We all need to know how to conduct ourselves in the House of God, which is the Assembly of the living God, the pillar and base of the truth. The pillar is for witness, the base is for stability. Saints have a twofold responsibility as forming the House of God, they must bear witness to it and support it. Order is necessarily maintained there. First, for the pleasure of God who dwells there, and also in testimony to those outside the House of God. God, who dwells in the House makes Himself known through those who form the House. We are always in the House of God — because the Assembly is the House of God — hence we are always responsible to represent God. This we do, not merely by preaching, but by our ways, by our appearance. Moral power is ever the attendant of obedience to the truth of God. Without a doubt the mystery of piety is great. This mystery is known to the initiates — the revelation of God in Christ, unintelligible to the natural man, is the enjoyed portion of those who believe. They have the key of knowledge. The deposit in the House of God is that galaxy of revelation which came out in our Lord Jesus Christ, He who was "manifested in flesh".

How glorious indeed is the fact of the incarnation, and as we follow that beautiful pathway of moral perfection as portrayed before us by the Holy Spirit in the Gospels, we are reminded that we are contemplating  "God manifested in flesh." Not a manifestation of God, but "God manifested . . ."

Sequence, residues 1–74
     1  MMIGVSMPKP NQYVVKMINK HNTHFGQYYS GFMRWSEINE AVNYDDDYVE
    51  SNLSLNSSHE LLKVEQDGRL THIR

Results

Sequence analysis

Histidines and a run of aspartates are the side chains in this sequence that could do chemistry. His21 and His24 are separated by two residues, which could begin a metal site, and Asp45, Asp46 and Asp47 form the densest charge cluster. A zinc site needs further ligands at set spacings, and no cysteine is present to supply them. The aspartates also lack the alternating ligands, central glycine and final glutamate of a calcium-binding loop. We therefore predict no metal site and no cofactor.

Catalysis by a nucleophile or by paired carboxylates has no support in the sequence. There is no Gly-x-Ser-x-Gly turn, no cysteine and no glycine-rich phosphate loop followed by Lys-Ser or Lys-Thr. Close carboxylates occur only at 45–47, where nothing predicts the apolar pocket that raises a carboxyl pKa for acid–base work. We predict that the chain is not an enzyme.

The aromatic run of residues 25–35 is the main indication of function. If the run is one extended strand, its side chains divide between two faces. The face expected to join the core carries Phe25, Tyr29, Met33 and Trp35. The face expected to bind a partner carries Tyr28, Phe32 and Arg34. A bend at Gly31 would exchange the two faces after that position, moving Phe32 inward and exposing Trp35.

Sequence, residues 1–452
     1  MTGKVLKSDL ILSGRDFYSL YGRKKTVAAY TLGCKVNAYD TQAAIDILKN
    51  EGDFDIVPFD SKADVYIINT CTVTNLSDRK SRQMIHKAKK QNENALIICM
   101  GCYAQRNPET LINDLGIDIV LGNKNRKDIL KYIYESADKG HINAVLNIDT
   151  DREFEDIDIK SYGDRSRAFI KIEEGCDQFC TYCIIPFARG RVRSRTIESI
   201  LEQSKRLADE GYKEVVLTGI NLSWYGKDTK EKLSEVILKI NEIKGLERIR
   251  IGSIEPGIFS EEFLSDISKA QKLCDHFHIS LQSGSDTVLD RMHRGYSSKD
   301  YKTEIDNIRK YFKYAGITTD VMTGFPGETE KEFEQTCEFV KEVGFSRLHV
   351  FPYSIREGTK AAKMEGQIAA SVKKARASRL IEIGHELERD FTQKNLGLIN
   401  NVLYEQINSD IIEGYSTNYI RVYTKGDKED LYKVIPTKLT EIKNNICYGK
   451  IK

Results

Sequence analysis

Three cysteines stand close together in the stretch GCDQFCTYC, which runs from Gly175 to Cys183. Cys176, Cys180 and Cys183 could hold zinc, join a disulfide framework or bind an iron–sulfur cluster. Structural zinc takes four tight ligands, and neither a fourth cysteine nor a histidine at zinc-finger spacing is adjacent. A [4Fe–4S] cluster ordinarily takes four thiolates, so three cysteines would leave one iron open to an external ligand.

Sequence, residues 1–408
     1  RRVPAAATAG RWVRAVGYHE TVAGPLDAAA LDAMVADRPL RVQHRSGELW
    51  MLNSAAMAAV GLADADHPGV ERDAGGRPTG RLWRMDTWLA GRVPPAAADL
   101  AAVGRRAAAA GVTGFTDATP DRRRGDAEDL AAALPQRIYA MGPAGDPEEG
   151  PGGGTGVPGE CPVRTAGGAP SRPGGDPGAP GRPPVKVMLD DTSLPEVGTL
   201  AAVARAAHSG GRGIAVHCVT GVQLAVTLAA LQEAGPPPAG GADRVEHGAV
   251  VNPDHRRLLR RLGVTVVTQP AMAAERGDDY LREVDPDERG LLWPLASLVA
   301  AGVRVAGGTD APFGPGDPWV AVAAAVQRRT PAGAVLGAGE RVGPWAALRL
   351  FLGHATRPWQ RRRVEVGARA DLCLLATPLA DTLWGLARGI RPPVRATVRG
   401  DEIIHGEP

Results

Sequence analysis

"Justified in the Spirit."

As to what meets the eye it would seem that the mystery of piety had utterly failed — indeed the natural eye could not perceive its perfection. Was He not put to death in the flesh? Had man seen any beauty that he should desire Him? Nay. Nevertheless the mystery of piety has been vindicated. The Spirit has justified God for manifesting Himself as He has done by putting His seal upon all that has accrued from this fact of the incarnation. Has He not formed that unique vessel the Assembly of the living God? The House of God has been formed so that every feature of the truth related to the fact that "God was manifest in flesh" might be treasured up and held forth in living testimony.

"Seen of angels"